, Volume 144, Issue 4, pp 520–527

Combining sources in stable isotope mixing models: alternative methods

  • Donald L. Phillips
  • Seth D. Newsome
  • Jillian W. Gregg
Stable Isotopes Issue


Stable isotope mixing models are often used to quantify source contributions to a mixture. Examples include pollution source identification; trophic web studies; analysis of water sources for soils, plants; or water bodies, and many others. A common problem is having too many sources to allow a unique solution. We discuss two alternative procedures for addressing this problem. One option is a priori to combine sources with similar signatures so the number of sources is small enough to provide a unique solution. Aggregation should be considered only when isotopic signatures of clustered sources are not significantly different, and sources are related so the combined source group has some functional significance. For example, in a food web analysis, lumping several species within a trophic guild allows more interpretable results than lumping disparate food sources, even if they have similar isotopic signatures. One result of combining mixing model sources is increased uncertainty of the combined end-member isotopic signatures and consequently the source contribution estimates; this effect can be quantified using the IsoError model (http://www.epa.gov/wed/pages/models/isotopes/isoerror1_04.htm). As an alternative to lumping sources before a mixing analysis, the IsoSource mixing model (http://www.epa.gov/wed/pages/models/isosource/isosource.htm) can be used to find all feasible solutions of source contributions consistent with isotopic mass balance. While ranges of feasible contributions for each individual source can often be quite broad, contributions from functionally related groups of sources can be summed a posteriori, producing a range of solutions for the aggregate source that may be considerably narrower. A paleohuman dietary analysis example illustrates this method, which involves a terrestrial meat food source, a combination of three terrestrial plant foods, and a combination of three marine foods. In this case, a posteriori aggregation of sources allowed strong conclusions about temporal shifts in marine versus terrestrial diets that would not have otherwise been discerned.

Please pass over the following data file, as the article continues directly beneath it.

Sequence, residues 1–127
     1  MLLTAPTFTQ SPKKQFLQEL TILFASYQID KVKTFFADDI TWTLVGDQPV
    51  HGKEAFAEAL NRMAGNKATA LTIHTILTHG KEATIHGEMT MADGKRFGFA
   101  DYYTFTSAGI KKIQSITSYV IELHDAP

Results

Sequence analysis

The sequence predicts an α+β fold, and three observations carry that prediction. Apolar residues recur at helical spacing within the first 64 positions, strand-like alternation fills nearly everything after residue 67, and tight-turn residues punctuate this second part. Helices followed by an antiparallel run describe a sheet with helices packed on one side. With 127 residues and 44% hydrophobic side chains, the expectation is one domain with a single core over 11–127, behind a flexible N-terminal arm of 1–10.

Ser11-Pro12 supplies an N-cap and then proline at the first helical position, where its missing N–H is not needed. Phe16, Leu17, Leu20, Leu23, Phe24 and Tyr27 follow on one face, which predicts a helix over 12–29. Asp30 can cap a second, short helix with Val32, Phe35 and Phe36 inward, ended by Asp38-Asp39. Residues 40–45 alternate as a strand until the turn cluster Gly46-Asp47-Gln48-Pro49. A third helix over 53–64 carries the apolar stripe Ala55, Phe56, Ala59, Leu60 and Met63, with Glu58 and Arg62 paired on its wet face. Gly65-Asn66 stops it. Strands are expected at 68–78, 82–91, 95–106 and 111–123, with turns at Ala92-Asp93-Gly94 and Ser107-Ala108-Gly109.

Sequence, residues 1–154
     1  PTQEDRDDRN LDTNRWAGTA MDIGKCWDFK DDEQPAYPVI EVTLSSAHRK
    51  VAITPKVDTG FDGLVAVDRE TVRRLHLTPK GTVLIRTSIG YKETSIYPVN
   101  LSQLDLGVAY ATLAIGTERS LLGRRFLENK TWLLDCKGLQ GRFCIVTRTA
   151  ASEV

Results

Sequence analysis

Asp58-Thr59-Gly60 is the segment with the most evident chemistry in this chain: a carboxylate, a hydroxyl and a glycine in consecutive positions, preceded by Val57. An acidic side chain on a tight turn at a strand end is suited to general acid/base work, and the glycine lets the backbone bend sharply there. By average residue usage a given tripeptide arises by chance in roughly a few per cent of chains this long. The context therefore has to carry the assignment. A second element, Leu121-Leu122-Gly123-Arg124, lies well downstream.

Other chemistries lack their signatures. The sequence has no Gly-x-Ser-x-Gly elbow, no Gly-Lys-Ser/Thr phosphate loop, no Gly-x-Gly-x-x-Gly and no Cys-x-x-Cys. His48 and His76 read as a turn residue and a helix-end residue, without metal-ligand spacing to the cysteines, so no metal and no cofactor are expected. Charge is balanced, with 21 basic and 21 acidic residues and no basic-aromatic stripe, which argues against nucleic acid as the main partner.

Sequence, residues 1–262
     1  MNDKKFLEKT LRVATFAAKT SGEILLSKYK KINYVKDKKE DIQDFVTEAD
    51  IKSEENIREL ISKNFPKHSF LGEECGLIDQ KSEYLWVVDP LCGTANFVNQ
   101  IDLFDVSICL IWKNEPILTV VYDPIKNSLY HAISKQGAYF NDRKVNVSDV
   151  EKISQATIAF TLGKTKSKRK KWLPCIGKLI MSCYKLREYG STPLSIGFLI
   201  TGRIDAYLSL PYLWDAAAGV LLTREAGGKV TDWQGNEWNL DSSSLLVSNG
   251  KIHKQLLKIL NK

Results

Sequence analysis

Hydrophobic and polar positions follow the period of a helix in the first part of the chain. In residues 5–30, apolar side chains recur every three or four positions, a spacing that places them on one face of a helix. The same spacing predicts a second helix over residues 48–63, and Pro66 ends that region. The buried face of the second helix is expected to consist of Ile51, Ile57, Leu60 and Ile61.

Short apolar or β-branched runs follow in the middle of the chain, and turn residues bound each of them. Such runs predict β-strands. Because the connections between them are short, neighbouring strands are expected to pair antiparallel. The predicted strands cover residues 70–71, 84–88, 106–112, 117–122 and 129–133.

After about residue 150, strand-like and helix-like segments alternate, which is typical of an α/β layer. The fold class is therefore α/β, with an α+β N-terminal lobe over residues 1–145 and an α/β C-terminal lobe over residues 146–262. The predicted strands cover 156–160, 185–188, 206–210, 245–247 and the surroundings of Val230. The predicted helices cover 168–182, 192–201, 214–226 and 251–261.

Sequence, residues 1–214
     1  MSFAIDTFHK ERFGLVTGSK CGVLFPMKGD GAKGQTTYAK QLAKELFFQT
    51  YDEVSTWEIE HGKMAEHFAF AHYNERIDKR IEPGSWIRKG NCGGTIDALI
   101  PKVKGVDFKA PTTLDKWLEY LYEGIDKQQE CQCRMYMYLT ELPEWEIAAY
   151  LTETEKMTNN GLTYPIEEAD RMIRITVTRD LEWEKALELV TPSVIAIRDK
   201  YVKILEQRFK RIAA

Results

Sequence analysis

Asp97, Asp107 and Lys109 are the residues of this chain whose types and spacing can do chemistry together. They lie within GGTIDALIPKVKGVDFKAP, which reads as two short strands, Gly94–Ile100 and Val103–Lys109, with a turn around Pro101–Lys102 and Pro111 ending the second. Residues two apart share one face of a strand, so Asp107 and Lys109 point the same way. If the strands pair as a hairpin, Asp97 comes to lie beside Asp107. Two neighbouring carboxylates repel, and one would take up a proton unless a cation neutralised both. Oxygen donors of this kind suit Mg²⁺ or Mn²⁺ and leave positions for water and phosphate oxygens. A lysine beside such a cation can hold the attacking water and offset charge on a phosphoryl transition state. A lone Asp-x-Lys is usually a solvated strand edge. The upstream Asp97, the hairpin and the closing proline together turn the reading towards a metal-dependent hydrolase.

Stable isotopes Mixing model 

Copyright information

© U.S. Government 2005

Authors and Affiliations

  • Donald L. Phillips
    • 1
  • Seth D. Newsome
    • 2
  • Jillian W. Gregg
    • 3
  1. 1.U.S. Environmental Protection Agency, Office of Research & Development, Western Ecology DivisionNational Health & Environmental Effects Research LaboratoryCorvallisUSA
  2. 2.Earth Sciences DepartmentUniversity of California – Santa CruzSanta CruzUSA
  3. 3.Forest Science DepartmentOregon State UniversityCorvallisUSA

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